μαλιςα δε κ' αυτος ανεγνω" When Jupiter mentions that Juno ! clashes with his counsels, Evexnav, taken metaphorically, as Mr. Cowper says, from the breaking of a spear against a thield,' we have no objection to the word; but we cannot approve of it when used as fyngnimous, which is often the case, for fight or engage,
-υςερον αυτι μαχισομεθα: : Then will we clash again.' The following pallage is descriptive of some young horses whose mothers had an intrigue with Boreas,
and all so light of foot,
Jl. xx. 283.
Αλλ οτε δη σκιρτωεν επ ευεα γατα θαλασσας,
Ακρον επι ρηγμινος αλος πολιοιο θεεσκον: Lines intended to give an idea of velocity should not have been clogged and stiffened by inversions. They are translated very differently by Virgil (Æn. vii. 808.), and by Pope (Il. xx. 270.)
Ουκ αν επειτ' οδυσει γ' εχισειε βροτος αλλος*
• None then might match Ulysses; leisure, then
Found none to wor.der at his noble form.' 269. We should suspect this translation of being 'the reverse to what was meant. Antenor describes the very aukward appearance of Ulysses when he began to speak : you would at first, says he, have taken him for a fool or madman, but so soon as you had heard his graceful elocution, then you would have thought no one equal to Ulysses: you would not have expressed any surprize at his strange appearance.' • Menelaus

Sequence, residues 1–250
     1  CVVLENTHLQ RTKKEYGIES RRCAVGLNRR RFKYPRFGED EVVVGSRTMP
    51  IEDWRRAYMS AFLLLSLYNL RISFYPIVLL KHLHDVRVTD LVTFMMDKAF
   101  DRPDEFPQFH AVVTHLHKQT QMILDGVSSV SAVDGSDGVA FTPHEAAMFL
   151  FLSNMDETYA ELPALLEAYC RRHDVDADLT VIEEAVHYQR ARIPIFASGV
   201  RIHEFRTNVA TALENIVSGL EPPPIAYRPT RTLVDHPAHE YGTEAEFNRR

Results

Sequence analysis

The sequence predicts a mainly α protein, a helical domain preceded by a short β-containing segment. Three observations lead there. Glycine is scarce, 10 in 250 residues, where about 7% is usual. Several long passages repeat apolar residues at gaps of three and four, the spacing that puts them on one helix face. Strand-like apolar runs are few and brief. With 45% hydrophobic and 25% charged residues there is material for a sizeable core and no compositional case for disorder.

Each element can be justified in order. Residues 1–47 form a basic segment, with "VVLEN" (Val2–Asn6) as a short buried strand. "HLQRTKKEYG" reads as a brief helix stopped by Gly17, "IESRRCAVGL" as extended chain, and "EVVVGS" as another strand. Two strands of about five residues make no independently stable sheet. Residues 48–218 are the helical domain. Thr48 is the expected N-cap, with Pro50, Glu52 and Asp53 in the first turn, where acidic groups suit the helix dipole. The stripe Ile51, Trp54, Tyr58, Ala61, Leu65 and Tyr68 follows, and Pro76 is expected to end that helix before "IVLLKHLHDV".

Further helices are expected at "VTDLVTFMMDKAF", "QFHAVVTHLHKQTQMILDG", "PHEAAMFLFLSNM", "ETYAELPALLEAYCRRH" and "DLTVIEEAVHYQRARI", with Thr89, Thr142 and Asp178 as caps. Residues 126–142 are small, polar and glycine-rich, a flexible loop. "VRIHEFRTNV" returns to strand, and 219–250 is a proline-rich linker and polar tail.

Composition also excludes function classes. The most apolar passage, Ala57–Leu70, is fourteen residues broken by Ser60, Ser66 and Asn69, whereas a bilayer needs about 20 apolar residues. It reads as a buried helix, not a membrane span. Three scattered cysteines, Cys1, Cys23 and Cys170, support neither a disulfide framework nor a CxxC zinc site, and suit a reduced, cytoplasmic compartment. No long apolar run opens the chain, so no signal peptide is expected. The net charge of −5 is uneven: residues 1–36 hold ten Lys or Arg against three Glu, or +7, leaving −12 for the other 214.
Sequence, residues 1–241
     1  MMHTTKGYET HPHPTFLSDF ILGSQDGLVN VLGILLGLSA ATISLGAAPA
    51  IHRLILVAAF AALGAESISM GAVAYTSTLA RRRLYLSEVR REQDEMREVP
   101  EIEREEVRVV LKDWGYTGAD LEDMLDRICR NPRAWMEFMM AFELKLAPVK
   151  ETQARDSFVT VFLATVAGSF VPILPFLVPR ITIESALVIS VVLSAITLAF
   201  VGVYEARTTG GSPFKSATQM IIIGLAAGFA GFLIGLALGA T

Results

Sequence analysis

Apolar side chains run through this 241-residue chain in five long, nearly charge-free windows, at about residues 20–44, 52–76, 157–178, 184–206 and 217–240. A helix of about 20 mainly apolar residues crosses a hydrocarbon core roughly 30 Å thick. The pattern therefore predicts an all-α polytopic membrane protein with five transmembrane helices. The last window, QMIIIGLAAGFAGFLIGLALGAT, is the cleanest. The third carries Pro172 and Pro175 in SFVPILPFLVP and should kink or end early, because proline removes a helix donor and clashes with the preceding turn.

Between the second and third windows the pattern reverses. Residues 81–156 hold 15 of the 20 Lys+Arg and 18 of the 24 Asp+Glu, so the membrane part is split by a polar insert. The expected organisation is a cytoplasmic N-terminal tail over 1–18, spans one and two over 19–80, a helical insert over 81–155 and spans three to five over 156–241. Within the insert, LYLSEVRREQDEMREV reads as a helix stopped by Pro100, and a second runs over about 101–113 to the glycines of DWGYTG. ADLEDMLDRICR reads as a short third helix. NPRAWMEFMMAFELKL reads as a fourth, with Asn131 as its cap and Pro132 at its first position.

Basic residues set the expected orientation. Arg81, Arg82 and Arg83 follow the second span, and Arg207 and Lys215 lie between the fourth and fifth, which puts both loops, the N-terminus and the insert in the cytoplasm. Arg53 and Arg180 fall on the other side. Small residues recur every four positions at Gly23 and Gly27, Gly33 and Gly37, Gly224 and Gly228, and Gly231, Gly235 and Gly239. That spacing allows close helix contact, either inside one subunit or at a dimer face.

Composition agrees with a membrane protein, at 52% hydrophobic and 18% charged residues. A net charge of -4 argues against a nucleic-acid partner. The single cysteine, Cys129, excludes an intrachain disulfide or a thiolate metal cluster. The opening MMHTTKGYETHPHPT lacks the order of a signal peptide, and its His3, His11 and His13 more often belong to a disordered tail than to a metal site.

with a lance His throat transpiercing while ereat be rode.' Il. v. 685. The original feems perfectly the reverte-εσαοτ’ εγχει νυξε: he wounded him while standing,' i. e. in his chariot preparing to attack Menelaus. The charioteer is immediately afterwards killed by Antilochus, ás Mr. Cowper renders it,' dashed by a stone.' In another place Ulysses kills a warrior ;
- from his coursers' backs Alighting swift,' Il. xi. 515. The phrase seems to imply that he was dismounting, but we are not to suppose that the art of riding on horseback was known, at least practised by any of the heroes, during the siege of Troy. The phrase in Homer is, nal'17 AW aitarra, and might be rendered, rushing on with or from his horses. A particular pale sage, both in the Iliad and Odyssey, may seem, at first view, to countenance the idea that some did ride on horseback at this time. Hector is described, as
- feats wonderful of spear And horsemanship atchieving. 11. xi. 6o9. The expreffion probably favors a little too much of Astley's equestrian exhibitions, but we believe it thoroughly consonant to the original sense.Feats of horsemanship,' were held in admiration, whether they rode or not, during the fiege. A man is celebrated (Il. xv. 825.) for his expertners in springing from horse to horse, when driving rapidly
a chariot and four-could a pupil of Astley's do more? In the Odyssey, likewise, the Trojans are described as